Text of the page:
The third primary element of EPA's surveillance activities, also a joint Federal/State endeavor, is monitoring of atmospheric deposition. The United States operates a 20-station GLAD network. GLAD presently addresses nutrients and metals, including lead, cadmium, nitrate/nitrite, and phosphorus, among about 35 parameters.

In addition, States and the U.S. Geological Survey monitor Great Lakes tributaries for pollutants on an ongoing basis, since tributaries are major conveyors of pollutants from both nonpoint and point sources.

Since 1991, in cooperation with other Agencies, EPA has begun to design and implement a monitoring program whose goal is to estimate conditions in the Great Lakes with known confidence.

The Environmental Monitoring and Assessment Program (EMAP) Great Lakes is an interagency interdisciplinary program whose goals are to monitor and assess the condition of the Great Lakes and to contribute to decisions on environmental protection and management. EMAP Great Lakes has four objectives:

  1. Estimate the current status, trends and changes in selected indicators of the condition of the Great Lakes on a regional basis with known confidence;
  2. Estimate the geographic coverage and extent of the harbors, bays and wetlands;
  3. Seek associations between selected indicators of natural and anthropogenic stresses a indicators of condition of ecological resources;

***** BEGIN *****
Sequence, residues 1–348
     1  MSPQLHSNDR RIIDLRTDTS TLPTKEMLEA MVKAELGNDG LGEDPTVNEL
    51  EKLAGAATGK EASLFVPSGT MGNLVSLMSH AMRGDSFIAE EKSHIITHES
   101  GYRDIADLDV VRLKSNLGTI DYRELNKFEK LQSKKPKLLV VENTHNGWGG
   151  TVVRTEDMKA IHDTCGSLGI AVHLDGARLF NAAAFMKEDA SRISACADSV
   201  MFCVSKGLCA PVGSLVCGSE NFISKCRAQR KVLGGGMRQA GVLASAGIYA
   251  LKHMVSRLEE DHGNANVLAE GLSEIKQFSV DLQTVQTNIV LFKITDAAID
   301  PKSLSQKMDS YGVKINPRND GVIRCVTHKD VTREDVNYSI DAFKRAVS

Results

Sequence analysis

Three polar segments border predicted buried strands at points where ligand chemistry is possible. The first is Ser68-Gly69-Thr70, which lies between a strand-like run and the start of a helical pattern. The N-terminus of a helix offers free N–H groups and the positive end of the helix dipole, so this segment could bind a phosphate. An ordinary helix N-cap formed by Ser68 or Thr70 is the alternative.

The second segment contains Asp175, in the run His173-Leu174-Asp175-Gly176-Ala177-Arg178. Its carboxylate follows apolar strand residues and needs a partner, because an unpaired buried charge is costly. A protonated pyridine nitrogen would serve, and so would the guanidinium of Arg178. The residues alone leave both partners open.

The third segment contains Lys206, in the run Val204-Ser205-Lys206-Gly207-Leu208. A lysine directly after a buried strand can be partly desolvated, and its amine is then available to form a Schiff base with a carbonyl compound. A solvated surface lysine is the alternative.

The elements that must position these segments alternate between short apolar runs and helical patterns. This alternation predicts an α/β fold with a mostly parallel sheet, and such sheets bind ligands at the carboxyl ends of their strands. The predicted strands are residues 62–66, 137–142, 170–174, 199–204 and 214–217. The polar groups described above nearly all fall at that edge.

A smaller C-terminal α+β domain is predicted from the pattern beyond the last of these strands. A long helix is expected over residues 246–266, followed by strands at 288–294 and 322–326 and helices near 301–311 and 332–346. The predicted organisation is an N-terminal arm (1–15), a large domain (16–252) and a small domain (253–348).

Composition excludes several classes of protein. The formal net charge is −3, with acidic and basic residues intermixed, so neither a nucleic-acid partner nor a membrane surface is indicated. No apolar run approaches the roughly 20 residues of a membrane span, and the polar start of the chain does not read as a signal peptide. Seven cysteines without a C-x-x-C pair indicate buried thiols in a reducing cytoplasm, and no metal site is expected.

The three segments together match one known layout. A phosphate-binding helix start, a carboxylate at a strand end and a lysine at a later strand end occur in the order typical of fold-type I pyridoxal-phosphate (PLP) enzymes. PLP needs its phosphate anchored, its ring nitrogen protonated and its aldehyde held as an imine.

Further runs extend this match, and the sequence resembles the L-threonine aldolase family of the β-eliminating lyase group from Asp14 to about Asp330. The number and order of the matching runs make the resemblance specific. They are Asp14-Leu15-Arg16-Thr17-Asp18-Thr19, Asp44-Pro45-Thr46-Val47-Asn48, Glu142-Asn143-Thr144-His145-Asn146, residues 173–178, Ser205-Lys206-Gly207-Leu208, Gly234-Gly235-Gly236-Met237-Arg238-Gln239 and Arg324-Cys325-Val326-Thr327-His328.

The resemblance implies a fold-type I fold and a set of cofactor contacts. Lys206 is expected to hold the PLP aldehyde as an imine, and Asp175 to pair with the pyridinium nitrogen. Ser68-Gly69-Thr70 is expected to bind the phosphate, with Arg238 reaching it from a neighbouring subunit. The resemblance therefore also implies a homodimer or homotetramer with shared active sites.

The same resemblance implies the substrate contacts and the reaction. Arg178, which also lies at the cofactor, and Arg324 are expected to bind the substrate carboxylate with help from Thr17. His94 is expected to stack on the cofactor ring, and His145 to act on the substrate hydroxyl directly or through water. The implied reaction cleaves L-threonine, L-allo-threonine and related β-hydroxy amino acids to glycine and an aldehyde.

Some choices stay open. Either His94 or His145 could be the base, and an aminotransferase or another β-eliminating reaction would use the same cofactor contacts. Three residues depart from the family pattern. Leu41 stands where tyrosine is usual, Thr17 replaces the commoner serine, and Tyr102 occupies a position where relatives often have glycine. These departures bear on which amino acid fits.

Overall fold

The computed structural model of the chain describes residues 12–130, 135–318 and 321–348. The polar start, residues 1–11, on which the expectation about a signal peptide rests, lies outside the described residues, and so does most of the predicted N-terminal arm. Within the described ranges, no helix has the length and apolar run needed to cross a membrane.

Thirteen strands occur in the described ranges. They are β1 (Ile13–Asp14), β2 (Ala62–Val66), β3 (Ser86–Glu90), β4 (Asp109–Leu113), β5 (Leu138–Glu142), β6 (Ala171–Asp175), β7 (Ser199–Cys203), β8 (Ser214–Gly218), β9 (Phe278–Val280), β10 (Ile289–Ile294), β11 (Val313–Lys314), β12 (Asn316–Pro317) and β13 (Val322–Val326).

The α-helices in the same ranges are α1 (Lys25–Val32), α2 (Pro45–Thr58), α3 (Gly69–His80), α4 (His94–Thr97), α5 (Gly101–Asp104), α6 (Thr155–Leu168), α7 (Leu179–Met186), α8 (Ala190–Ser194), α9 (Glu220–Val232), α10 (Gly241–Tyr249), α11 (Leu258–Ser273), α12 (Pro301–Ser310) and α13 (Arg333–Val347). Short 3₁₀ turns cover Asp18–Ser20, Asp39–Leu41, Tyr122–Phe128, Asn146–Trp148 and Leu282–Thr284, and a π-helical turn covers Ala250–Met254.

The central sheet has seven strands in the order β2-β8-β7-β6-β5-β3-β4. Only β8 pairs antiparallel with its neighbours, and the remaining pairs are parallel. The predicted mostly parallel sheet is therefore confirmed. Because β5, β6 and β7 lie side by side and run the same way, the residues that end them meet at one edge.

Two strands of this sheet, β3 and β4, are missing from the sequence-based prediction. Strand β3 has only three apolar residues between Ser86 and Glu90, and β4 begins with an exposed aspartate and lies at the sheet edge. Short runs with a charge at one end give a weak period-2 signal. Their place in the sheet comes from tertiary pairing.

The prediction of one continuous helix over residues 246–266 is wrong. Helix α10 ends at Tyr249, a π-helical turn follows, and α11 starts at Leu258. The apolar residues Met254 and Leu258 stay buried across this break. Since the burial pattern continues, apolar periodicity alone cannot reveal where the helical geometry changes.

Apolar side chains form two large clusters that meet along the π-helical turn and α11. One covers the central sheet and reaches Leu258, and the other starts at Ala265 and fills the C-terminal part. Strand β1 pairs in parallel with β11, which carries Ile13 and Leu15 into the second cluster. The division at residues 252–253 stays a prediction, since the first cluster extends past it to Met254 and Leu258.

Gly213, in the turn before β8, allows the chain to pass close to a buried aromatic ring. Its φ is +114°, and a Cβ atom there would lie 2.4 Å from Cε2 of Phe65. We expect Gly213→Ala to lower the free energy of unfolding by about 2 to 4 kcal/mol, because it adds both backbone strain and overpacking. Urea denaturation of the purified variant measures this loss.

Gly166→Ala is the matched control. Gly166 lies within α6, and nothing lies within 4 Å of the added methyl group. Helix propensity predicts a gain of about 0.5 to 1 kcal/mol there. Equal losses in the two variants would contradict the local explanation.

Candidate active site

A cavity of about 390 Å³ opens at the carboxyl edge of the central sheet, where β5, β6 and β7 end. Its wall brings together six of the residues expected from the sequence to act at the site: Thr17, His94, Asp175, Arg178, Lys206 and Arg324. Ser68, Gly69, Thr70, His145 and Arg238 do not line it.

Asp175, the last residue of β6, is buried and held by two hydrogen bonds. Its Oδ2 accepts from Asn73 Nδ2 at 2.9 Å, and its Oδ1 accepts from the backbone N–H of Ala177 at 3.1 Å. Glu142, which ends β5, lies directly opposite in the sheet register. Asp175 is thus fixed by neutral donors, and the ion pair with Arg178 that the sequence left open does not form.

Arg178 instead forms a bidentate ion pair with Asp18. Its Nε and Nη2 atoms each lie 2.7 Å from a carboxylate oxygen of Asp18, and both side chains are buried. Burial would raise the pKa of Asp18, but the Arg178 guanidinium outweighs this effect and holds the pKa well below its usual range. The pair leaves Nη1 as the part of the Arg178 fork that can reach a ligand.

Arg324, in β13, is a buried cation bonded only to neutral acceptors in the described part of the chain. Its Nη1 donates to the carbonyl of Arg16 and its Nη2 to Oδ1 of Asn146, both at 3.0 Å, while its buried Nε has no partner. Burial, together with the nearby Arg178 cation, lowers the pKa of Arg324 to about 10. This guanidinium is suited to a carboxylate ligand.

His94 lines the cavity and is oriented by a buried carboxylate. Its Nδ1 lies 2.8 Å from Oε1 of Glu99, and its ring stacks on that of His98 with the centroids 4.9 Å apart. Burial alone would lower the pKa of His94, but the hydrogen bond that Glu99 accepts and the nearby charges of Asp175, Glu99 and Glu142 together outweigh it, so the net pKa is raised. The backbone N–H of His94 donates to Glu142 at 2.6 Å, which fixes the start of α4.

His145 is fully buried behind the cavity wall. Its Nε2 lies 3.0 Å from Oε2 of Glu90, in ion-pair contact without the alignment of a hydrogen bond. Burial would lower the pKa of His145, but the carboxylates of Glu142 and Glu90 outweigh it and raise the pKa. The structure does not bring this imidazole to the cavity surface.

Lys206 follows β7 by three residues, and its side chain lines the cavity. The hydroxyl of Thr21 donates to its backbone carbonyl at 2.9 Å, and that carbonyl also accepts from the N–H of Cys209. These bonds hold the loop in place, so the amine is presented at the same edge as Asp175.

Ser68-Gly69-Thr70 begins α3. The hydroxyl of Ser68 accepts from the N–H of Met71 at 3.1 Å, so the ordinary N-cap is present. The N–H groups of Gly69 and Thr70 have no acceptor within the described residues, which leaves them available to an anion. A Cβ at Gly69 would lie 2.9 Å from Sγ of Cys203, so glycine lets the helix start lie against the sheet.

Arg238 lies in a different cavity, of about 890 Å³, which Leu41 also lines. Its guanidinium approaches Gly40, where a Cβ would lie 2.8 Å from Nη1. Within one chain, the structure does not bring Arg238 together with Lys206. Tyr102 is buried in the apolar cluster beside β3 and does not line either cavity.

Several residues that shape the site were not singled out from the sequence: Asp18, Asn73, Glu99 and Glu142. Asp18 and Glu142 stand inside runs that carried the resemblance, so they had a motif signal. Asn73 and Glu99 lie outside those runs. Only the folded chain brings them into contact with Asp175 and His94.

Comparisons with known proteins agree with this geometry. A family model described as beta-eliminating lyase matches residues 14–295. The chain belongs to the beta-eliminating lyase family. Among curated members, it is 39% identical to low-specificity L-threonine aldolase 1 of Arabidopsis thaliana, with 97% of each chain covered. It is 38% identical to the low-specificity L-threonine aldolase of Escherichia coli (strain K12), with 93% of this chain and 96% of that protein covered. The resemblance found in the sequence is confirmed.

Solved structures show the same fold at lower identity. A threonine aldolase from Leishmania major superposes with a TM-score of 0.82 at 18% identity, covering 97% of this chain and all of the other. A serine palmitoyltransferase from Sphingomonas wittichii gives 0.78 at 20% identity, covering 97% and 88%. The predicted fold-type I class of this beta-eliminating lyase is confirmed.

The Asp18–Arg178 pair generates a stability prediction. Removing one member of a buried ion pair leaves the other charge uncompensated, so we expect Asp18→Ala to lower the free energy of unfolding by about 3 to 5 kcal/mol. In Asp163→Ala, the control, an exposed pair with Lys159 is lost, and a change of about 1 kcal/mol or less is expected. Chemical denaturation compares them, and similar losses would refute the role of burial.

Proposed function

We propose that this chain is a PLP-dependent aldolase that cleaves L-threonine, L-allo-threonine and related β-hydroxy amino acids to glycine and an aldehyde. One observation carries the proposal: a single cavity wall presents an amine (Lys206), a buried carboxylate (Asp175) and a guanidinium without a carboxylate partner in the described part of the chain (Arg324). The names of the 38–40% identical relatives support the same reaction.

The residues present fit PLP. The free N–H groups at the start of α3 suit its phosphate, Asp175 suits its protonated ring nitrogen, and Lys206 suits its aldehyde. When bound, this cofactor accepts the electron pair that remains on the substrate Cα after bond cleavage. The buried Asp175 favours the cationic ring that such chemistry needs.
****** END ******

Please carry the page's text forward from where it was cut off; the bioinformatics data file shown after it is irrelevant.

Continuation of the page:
4. Provide annual statistical summaries and periodic assessment of the Great Lakes.

For the Great Lakes, the individual lakes have been established as the regional scale of resolution and each lake will be separated into resource classes (offshore water, nearshore, bays/harbors, and wetlands) with sampling frames and indicators that are appropriate to characterize each class. Biotic integrity and trophic condition have been identified as important environmental values. These values will influence the selection of indicators and assessment questions for the offshore, nearshore and bays/harbors resource class. To assess overall biotic integrity, EPA has focused on three major components: benthic macroinvertebrates, primary producers, and fish.

Integrated Atmospheric Deposition Network Back to Top

Since the late 1970s, the Great Lakes scientific community has been aware of the potential significance of the atmosphere as a pollution pathway. Studies of Isle Royale, a relatively isolated island in Lake Superior, revealed levels of PCBs, toxaphene, and other bioaccumulative toxic substances in its lakes. Researchers theorized that such pollutants could only have resulted from atmospheric deposition.

Since the Isle Royale findings, EPA has promoted ways of assessing the absolute and relative magnitude of atmospheric loadings of toxic substances. The Agency supported conferences in 1980, 1986, and 1987 to assess the state of knowledge of the airborne deposition problem and developed a strategy in 1987 to monitor these substances. In recognition of the potential importance of air deposition to the Great Lakes, the United States and Canada agreed in 1987 to establish an Integrated Atmospheric Deposition Network (IADN) to monitor both wet and dry atmospheric loadings of toxic substances to the Great Lakes.